Whether you have yet secured funding is not taken into consideration in the decision to make an initial offer of a place, but please note that the initial offer of a place will not be confirmed until you have completed a Financial Declaration.
The Law Faculty is fortunate to have outstanding library facilities provided by the Bodleian Law Library. As part of the Bodleian, the Law Library shares in all the advantages of being part of the largest university library in the country, including the receipt, under legal deposit legislation, of legal material published in the UK and Ireland. The Law Library underwent a major refurbishment in 2016 which resulted in upgraded facilities for all students.
The Law Library offers the vast majority of its holdings - some 550,000 items - on open shelves across four floors. Selected low-use material is housed in a book storage facility and is retrievable within half a day. The library serves a large community of graduate readers and academics in their research requirements. The strength of the collection lies in the depth of its UK holdings, combined with extensive holdings for European and Commonwealth jurisdictions. The international law collection is exceptional, as are the collections for Roman law, jurisprudence and official papers. Other significant fields include the US and comparative law. To complement the paper collection, the Law Library provides a remarkable range of online legal resources.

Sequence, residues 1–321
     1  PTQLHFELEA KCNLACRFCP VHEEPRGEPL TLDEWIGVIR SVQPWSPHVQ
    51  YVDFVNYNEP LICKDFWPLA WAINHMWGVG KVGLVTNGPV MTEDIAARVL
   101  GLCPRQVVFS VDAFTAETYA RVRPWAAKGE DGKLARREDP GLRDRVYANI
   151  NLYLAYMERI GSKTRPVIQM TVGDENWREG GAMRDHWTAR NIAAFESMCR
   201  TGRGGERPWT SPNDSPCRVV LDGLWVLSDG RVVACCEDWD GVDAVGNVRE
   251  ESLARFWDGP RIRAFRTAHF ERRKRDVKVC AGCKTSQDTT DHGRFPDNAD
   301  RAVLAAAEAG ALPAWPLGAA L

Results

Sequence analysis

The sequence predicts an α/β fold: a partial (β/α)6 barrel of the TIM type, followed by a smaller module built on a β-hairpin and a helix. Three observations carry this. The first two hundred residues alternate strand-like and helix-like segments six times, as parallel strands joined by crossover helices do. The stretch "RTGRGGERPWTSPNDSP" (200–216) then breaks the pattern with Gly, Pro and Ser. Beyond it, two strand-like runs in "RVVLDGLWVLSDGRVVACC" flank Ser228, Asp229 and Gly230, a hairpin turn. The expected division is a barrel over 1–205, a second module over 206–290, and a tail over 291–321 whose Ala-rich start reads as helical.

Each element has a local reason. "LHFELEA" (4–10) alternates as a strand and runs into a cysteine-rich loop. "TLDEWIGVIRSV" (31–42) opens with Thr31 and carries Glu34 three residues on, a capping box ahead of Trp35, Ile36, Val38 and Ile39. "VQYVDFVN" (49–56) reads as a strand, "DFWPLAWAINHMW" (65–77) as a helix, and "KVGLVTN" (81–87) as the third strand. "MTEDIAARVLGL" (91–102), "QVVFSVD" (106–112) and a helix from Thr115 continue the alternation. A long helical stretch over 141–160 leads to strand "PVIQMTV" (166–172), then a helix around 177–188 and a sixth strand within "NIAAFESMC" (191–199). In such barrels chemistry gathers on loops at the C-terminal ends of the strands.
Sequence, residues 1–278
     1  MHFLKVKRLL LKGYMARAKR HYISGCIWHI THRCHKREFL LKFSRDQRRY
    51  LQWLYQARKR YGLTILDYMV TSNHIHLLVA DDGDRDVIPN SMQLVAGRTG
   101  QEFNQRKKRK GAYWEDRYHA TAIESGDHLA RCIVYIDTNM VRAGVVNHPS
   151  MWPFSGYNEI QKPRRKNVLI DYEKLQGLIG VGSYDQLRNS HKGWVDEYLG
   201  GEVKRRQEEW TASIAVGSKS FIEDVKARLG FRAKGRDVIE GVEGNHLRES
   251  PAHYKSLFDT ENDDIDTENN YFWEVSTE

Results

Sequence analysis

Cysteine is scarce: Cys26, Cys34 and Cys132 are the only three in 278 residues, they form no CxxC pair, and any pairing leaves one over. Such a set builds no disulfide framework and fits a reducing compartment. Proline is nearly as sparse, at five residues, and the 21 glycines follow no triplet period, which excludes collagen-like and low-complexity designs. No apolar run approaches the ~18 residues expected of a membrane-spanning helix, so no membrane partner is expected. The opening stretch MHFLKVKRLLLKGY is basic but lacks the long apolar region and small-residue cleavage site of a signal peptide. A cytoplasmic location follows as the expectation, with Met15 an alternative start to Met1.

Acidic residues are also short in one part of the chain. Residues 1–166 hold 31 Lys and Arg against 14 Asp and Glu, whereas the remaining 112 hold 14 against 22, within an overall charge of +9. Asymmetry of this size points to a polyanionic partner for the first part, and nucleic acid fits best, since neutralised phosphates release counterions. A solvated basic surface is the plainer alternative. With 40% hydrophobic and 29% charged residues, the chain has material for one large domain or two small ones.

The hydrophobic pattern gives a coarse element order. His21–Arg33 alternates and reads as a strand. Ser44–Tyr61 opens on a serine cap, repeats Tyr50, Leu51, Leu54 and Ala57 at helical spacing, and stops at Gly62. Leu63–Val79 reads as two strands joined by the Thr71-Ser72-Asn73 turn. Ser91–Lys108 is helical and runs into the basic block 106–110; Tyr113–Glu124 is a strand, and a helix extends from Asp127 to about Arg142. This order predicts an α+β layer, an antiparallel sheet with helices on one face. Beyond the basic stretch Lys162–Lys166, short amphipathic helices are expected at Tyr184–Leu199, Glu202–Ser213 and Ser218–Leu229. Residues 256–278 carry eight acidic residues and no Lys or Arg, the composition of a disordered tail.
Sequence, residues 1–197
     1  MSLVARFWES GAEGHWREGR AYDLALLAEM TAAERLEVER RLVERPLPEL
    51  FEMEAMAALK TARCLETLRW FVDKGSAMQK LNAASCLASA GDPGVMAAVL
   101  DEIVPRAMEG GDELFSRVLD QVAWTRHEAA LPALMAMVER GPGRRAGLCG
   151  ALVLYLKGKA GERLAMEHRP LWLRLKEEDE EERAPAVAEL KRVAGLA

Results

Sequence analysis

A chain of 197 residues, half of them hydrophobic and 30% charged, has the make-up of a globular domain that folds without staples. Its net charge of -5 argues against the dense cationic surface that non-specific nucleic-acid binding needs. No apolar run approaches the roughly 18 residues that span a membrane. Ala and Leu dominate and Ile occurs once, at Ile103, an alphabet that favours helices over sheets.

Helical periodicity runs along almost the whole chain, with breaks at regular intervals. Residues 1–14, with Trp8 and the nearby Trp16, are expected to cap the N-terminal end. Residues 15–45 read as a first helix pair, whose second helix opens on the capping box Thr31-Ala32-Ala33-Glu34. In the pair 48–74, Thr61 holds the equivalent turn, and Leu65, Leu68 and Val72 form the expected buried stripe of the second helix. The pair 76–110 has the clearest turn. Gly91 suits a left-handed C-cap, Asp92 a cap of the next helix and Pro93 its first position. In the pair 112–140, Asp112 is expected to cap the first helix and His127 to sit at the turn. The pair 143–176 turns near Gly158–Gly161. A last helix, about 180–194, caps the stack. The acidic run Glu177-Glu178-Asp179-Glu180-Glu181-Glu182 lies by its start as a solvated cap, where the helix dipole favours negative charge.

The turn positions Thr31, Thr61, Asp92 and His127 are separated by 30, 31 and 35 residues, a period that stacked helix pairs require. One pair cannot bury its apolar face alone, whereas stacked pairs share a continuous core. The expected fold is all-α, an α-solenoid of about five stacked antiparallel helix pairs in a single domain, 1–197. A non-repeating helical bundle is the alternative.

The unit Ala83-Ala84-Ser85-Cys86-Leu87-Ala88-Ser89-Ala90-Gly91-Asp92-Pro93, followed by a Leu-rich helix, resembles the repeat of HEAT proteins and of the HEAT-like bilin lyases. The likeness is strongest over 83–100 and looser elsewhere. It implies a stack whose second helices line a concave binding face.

The library has 40 reader workstations, which provide access to the internet, legal databases, Microsoft Office applications and Endnote. There is a Graduate Reading Room, a large seminar room, two IT rooms and three small ‘discussion rooms’ for private study or group work. The wireless network extends throughout the library. The law librarians offer a range of classes and one-to-one sessions to support the specific research needs of graduate students.